Excerpt from Stress Cracks and Breakage in Artificially Dried Corn This publication, which replaces ans-434, Stress Cracks in Artificially Dried Corn, reports on both the formation of stress cracks and increased breakage susceptibility in artificially dried corn. Stress cracks are fissures in the endosperm, or starchy inside of the kernel; the seed coat is not ruptured. Corn that is susceptible to breakage accumulates additional fine material each time it is handled. Since the fine material is included as foreign material in the grading standard, breakage contributes to downgrading of corn. Cracked and broken kernels within batches of corn make aeration difficult and invite attacks by molds and insects. The work reported here is part of a continuing usda-purdue University research effort to develop improved methods and techniques for holding down costs and losses in marketing artificially dried corn. About the Publisher Forgotten Books publishes hundreds of thousands of rare and classic books. Find more at www.forgottenbooks.com This book is a reproduction of an important historical work. Forgotten Books uses state-of-the-art technology to digitally reconstruct the work, preserving the original format whilst repairing imperfections present in the aged copy. In rare cases, an imperfection in the original, such as a blemish or missing page, may be replicated in our edition. We do, however, repair the vast majority of imperfections successfully; any imperfections that remain are intentionally left to preserve the state of such historical works.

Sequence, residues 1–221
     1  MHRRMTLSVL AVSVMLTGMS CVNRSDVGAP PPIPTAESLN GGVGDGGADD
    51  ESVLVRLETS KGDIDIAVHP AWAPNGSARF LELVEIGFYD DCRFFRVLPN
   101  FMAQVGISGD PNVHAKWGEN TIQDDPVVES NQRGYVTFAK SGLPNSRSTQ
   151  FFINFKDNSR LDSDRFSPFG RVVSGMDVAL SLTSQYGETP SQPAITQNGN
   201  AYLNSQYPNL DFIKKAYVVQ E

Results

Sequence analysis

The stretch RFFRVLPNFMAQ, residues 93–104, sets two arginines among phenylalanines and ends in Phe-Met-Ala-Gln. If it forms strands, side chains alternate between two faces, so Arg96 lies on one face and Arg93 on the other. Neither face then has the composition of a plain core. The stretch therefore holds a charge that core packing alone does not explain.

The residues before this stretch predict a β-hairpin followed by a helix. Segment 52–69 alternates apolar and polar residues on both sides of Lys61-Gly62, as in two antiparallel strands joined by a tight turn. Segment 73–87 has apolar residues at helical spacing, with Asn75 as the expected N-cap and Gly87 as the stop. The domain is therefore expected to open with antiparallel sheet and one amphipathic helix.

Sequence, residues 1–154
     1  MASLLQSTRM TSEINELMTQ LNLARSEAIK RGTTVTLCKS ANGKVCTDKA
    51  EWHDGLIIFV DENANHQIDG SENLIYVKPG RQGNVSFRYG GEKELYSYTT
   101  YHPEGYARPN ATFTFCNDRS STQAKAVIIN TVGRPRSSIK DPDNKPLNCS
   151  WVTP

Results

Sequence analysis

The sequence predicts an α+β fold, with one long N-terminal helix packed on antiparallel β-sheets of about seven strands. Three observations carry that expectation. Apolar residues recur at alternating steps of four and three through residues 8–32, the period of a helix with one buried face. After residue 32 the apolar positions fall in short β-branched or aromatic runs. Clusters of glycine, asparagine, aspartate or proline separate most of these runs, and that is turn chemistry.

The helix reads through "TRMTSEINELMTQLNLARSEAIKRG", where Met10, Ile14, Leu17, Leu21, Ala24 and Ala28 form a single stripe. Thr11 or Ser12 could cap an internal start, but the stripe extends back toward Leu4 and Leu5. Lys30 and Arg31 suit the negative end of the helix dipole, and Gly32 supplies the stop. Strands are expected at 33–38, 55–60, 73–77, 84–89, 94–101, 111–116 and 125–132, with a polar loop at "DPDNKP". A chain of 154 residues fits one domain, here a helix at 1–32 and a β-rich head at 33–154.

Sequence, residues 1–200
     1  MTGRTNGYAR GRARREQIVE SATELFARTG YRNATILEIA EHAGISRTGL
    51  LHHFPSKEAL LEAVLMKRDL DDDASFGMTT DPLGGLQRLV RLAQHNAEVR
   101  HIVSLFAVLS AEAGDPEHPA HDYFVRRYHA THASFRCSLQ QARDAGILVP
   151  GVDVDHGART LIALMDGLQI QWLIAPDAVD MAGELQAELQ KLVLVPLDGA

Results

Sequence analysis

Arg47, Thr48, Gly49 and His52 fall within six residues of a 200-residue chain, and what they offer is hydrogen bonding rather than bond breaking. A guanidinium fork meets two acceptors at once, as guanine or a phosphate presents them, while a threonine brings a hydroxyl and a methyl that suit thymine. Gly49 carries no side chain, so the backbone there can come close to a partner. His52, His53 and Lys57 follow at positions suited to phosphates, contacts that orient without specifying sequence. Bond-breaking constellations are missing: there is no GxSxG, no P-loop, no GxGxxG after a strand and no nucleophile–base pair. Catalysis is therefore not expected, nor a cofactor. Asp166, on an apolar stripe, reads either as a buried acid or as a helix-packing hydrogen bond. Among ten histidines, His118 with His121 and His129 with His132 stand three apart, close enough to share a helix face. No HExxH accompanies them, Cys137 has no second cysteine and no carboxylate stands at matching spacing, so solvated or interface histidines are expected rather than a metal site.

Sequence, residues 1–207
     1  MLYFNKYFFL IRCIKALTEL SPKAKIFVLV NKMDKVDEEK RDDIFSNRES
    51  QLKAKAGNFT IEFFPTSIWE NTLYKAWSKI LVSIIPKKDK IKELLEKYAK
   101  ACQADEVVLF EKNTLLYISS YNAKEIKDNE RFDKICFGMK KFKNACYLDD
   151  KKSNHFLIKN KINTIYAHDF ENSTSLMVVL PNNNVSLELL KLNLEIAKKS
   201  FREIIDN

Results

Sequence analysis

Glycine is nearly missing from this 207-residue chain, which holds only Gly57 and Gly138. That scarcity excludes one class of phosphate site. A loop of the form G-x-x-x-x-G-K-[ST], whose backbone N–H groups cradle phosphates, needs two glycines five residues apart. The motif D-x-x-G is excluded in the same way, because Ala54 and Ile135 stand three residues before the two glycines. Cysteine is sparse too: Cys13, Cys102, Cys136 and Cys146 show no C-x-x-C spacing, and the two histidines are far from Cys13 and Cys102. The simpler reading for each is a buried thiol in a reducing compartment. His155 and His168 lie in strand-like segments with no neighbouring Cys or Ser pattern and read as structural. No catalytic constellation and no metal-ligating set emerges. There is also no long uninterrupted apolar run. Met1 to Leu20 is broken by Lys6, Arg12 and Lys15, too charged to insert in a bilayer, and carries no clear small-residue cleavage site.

The tightening of health and environmental regulations by banning chemical pesticides has generated the need for alternative technologies to solve grain storage problems. Aeration is such an option that can be applied to stored grain and a wide range of agricultural commodities to control insects and maintain quality. The Mechanics and Physics of M